no spanish no urban dictates

Last week, we wrote about the new requirement for a nondiscrimination clause in all broadcast advertising contracts.  In the new license renewal applications, broadcasters must certify that they do not discriminate in the sale of advertising time and that their contracts contain the required certification.  Today, the Enforcement Bureau of the FCC issued an Enforcement Advisory, answering questions about the new requirement.  Unfortunately, that advisory really does little but reiterate what the FCC has already said – that the Commission is concerned about "No Urban, no Spanish dictates", and that broadcasters must make sure that there is no discrimination in the purchase of advertising time on their stations.  But, the Commission does make clear in an accompanying News Release, through a statement from Chairman Genachowski, that the Commission "will vigorously enforce its rules against discrimination in advertising sales contracts."  The advisory does highlight one new matter – that stations that use advertising rep firms or other sales agents must make sure that these agents have nondiscrimination clauses in their own contracts used to sell advertising time on the station. 

This policy has raised several questions from broadcasters.  Many have asked what they should do if they have no advertising contracts.  Apparently, many broadcasters, especially in smaller markets or when dealing with regular customers, book advertising through emails or phone calls – not formal contracts.  The FCC does not address how this should be handled.  We’ve suggested that broadcasters include the nondiscrimination clause in the exchanges that essentially form the contract – e.g. the email confirming the schedule, the rate cards offering the spots for sale, or other communications between the station and the advertiser.  We also suggest that stations adopt written contracts, as these contracts can cover issues that are important to broadcasters, e.g. indemnifications from advertisers that they have the rights to all the music and other material used in their ads, statements that the broadcaster reserves the right to preempt ads if they don’t like the content or if the broadcaster needs to run something more important, that advertising sold to one party should not be re-sold to anyone else, that the broadcaster is not liable for any consequential damages if an ad does not run for technical or other reasons, and similar issues.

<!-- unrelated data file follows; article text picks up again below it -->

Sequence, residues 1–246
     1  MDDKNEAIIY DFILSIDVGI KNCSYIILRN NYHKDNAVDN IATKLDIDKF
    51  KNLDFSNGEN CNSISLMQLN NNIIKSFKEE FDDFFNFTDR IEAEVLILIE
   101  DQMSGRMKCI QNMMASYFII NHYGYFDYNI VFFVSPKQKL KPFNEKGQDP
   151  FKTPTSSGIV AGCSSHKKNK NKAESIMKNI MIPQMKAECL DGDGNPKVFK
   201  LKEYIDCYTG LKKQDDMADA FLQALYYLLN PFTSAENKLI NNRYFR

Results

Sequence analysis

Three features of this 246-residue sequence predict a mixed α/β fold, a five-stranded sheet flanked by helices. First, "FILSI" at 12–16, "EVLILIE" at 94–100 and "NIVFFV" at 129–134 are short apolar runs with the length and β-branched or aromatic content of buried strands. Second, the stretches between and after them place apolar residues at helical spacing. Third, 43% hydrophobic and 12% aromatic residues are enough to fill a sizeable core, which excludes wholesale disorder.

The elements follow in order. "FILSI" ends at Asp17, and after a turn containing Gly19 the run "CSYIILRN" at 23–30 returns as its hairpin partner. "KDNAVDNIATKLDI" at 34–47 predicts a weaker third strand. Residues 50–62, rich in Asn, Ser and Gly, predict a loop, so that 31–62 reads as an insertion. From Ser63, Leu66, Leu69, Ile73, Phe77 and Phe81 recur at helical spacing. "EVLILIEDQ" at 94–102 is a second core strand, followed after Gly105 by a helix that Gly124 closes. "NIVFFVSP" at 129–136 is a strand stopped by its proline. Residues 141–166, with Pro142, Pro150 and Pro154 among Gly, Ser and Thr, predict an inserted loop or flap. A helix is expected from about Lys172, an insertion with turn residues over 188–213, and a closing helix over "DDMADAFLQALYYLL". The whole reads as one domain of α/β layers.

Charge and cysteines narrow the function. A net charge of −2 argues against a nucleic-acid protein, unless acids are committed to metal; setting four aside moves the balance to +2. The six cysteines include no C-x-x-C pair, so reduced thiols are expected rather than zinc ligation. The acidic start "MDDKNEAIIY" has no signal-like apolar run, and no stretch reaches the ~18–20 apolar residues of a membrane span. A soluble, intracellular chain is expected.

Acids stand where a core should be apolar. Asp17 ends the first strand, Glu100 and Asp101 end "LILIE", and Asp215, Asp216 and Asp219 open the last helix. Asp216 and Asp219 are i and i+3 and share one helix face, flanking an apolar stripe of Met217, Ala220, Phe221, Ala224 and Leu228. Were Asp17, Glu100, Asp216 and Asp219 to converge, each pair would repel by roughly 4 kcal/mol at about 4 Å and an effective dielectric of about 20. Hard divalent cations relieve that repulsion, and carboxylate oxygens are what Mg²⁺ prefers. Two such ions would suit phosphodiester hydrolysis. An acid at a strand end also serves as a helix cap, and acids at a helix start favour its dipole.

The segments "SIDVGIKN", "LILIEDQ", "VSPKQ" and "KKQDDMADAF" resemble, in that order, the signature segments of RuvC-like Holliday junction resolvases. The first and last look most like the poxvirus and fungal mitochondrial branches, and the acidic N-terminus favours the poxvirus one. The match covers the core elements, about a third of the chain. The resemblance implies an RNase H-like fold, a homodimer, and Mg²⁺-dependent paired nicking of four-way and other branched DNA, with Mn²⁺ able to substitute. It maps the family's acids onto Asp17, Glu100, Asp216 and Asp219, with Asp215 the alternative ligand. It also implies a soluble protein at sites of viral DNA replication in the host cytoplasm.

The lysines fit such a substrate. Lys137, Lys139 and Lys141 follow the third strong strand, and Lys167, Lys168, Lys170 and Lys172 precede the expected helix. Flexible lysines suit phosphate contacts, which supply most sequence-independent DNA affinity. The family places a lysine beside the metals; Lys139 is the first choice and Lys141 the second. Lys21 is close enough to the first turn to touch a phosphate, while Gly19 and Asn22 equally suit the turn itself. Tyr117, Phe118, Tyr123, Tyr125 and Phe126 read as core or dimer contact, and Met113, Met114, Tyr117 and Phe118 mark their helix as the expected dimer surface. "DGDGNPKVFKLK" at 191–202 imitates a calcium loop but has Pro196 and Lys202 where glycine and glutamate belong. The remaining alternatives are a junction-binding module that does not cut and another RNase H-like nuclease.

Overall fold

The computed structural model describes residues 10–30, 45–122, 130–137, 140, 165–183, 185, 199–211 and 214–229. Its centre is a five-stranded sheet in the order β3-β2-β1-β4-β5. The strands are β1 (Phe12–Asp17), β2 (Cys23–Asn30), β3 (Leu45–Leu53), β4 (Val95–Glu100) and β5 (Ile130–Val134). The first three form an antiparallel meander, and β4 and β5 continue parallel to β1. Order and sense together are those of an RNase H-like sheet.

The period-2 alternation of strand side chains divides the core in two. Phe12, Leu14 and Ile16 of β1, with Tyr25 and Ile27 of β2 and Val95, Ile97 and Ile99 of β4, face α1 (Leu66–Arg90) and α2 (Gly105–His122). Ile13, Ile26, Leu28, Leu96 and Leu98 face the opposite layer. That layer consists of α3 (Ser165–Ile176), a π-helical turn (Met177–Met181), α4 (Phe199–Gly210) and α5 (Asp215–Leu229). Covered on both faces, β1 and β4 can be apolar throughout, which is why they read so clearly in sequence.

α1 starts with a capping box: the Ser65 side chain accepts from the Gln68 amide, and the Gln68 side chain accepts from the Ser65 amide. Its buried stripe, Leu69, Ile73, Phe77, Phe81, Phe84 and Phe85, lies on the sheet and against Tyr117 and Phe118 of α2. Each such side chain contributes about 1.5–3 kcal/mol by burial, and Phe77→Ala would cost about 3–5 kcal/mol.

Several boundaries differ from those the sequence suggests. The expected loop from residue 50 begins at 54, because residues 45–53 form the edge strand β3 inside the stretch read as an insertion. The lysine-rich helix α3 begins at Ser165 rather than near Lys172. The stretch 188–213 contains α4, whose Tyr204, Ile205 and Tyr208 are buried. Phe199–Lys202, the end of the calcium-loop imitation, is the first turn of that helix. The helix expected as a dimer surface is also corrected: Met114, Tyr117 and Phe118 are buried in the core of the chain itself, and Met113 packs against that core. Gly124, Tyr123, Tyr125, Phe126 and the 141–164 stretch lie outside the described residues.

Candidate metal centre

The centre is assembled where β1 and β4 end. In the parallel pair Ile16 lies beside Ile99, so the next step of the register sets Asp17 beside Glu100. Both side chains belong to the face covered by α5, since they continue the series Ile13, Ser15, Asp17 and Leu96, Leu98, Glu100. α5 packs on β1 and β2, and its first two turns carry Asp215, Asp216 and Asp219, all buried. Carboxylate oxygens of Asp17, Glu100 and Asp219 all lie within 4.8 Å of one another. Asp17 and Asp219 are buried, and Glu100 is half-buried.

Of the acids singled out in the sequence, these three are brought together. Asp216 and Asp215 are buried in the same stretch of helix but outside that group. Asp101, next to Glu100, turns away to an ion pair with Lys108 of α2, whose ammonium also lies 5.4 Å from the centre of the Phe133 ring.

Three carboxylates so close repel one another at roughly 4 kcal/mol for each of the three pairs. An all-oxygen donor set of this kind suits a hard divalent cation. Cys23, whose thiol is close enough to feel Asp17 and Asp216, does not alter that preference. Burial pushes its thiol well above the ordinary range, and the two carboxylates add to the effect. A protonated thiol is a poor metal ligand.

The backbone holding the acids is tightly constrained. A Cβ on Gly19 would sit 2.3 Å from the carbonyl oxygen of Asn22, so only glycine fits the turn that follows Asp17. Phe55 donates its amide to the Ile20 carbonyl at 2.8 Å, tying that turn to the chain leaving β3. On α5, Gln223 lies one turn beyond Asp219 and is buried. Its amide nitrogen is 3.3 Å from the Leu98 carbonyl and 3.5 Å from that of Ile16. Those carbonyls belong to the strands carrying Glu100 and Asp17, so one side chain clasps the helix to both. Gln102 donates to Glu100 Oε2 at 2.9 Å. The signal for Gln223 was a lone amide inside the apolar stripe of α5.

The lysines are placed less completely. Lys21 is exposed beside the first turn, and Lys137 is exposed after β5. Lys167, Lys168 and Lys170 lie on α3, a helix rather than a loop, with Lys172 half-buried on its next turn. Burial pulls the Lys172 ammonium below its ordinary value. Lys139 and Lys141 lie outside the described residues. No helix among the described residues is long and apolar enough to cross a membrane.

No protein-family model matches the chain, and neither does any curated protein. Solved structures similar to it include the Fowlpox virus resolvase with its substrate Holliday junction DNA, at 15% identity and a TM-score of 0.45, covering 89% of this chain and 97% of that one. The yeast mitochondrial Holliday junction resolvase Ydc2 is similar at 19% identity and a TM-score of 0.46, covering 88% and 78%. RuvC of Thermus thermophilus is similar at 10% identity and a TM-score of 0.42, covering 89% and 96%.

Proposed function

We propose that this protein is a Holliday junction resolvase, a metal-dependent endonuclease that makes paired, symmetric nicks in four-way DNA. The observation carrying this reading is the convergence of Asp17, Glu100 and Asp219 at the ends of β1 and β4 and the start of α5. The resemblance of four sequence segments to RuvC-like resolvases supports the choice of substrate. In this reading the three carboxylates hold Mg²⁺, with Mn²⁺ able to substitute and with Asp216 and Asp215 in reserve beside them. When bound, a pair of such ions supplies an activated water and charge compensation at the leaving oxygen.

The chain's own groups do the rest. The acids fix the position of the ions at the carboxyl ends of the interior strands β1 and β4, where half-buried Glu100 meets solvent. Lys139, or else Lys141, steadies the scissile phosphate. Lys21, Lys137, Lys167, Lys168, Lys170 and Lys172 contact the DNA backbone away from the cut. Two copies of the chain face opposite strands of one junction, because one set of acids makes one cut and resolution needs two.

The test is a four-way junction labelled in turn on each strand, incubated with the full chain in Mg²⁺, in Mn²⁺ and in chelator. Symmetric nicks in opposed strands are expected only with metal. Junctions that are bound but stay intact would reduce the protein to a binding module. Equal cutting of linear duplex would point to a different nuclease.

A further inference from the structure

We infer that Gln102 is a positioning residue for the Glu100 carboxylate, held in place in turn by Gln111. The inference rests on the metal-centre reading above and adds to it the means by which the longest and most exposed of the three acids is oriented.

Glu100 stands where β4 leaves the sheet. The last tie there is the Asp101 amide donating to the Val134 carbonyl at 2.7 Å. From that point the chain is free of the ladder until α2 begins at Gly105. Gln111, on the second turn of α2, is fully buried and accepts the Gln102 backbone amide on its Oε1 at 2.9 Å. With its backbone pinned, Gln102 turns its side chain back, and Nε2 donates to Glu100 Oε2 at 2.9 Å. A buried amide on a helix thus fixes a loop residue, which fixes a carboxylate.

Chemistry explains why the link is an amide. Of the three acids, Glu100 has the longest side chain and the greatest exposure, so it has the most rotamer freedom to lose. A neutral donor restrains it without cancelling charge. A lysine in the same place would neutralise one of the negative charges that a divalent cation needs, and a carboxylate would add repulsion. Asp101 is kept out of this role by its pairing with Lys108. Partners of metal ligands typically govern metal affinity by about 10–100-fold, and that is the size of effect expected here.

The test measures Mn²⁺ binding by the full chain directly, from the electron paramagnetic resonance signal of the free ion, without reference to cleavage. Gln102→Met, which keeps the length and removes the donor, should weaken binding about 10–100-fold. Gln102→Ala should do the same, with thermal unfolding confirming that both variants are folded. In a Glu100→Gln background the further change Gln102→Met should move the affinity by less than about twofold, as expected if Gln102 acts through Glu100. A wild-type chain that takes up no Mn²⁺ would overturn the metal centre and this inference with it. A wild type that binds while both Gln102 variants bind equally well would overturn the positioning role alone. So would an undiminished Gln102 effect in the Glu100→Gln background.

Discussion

Continue Reading FCC Issues Advisory on Nondiscrimination Clause Required to Be Included in All Broadcast Advertising Contracts – What Should the Clause Say? – Why An Advertising Contract is Important

The nuts and bolts of legal issues for broadcasters were highlighted in two sessions in which I participated at last week’s joint convention of the Oregon and Washington State Broadcasters Associations, held in Stephenson, Washington, on the Columbia River that divides the two states.  Initially, I conducted a seminar for broadcasters providing a refresher on their

In 2008, the FCC adopted a requirement that broadcast stations include in their advertising contracts a provision that says that advertisers will not discriminate on the basis of race or gender.  We wrote about that requirement here, and our post was greeted with significant surprise by many broadcasters as the requirement did not glean much publicity when it was first adopted.  Today, the FCC issued an Erratum to that two year old requirement, eliminating from the certification its application to discrimination in advertising based on gender.  Instead, the Erratum stated it was only discrimination based on race or ethnicity that was prohibited.  The Erratum stated that this language "more accurately" reflected the "Commission’s clear intent" in adopting the requirement for the certification in advertising contracts.